Under the Spotlight: Helen Troup

Reading time: 3 mins

In this edition, Managing Director at CommInsure, Helen Troup, discusses her upcoming speech to the Actuaries Summit in May; how actuarial training helped her career; and what's the most interesting part of her role.

What was the last book you read...

I am in the middle of reading a tremendous book about women and working with numbers: Hidden Figures by Margot Lee Shetterly.

Why did you study actuarial?

Quite simply because at school I loved maths and was looking for a career that used maths. My maths teacher said I would be bored if I became a maths teacher and suggested I consider becoming an actuary. As the saying goes, the rest is history.

How has your training in actuarial studies helped you in your career?

It gave me a great foundation in how an insurance business works, particularly the financial aspects of the business. Another element that I continue to use is critical thinking or an inquisitive mindset. There was something about the course (was it reasonableness testing?) that means I am always asking my team “Does this make sense…?” and “Is everything I am reading telling me the same story?”. I know sometimes it drives my team a little crazy but it’s about ensuring the directional elements make sense, rather than just focusing on the accuracy of the numbers.

You’re a Speaker at the Actuaries Summit in May. What are your impressions of the topic “Think Differently about Customers”?

I passionately believe that every business needs to have customers at the centre of its thinking – and that applies to all parts of the business, not just customer facing staff.

Thinking differently about our customers and their expectations is an essential input into the future success of any business. I congratulate the conference organisers for having a topic focused on customers to complement the more technical topics.

What experiences will you draw on in your address, to discuss the Summit topic?

I look forward to sharing my experiences with customers both in New Zealand and Australia, ranging from the impact of the GFC on their life savings, to sharing insurance claims experiences, and my reflections on the last 12 months of managing media, regulatory and government inquiries into the life insurance industry.

What are you looking forward to about attending the Actuaries Summit?

It will be my first return to the “Summit” for over a decade – as my career moved more into general management I have lost touch with my actuarial heritage, so I hope to reconnect with colleagues and hear what is on your mind.

What advice do you have for younger actuaries looking to progress to leadership positions?

My first piece of advice to aspiring leaders is to follow your interest and remain curious and open to new ideas. In my experience, career paths seldom follow the straight lines we expect them to follow, and this is actually a good thing. Seek to acquire new skills and experiences and create new networks. Finally, step into the unknown; when unexpected opportunities present themselves, explore them and accept them.

My second piece of advice is to know yourself, your strengths and the impact of your style. I believe good leaders are very agile and adapt their style to bring out the best in the people around them.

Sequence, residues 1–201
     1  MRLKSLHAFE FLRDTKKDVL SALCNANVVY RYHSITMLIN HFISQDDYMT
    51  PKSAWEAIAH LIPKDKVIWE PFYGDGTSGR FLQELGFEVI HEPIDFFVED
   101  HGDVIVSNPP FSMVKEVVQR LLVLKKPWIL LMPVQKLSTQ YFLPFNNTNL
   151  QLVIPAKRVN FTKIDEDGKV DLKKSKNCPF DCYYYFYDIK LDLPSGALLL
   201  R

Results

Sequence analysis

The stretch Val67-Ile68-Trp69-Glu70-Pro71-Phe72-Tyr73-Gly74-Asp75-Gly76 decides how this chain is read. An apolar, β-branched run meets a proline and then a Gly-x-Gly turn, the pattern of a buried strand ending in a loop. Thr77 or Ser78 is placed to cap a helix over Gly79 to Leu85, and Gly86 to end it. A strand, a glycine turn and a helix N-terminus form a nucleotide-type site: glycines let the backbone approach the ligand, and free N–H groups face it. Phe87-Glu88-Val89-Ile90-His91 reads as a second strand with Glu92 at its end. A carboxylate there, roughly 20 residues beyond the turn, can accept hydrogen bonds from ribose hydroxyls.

What do you find most interesting about your current role?

The breadth and depth of the challenges and opportunities we are navigating as an industry. The complexity is something I thrive on. Insurance is essential for complete financial wellbeing and it becomes most critical in a time of people’s greatest need. I’m proud to be a part of an industry that provides that kind of peace of mind. Finally, the passion of the people I work with to deliver on the promises we make to customers everyday – I find inspiration and energy from that.

What is the most challenging part of your role?

The sheer volume of change facing the industry and prioritising activity against this. I’m presented with so many good ideas and opportunities and I sometimes find it difficult to say no to them. I just wish we could do them all.

What is your proudest career achievement to date?

As a leader, I draw the greatest pride from the achievements of my teams. Whether it is responding to catastrophic weather events or creating customer-centric solutions for people dealing with very challenging periods in their lives.

It is hard to choose the proudest to date so I will call out the most recent one – I am most proud of the way my team at CommInsure has handled the environment over the last 12 months.

I’m most passionate about…

Can I have three? My family and friends, the people at CommInsure, and chocolate!

 

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About the author

Helen Troup

Helen Troup was appointed Managing Director of CommInsure in 2014. Helen has over 20 years of experience in the Australian and New Zealand financial services industries. Prior to CommInsure, Helen was Head of Life and Health – Australia and New Zealand for SwissRe. From 2008 – 2011, Helen was CEO at ING New Zealand, covering funds management, asset management, property management as well as the insurance business (now OnePath NZ). Prior to that, Helen held a number of senior roles at ING Australia (now OnePath Australia), including Executive Director, Life Risk and Head of Risk Insurance Markets.

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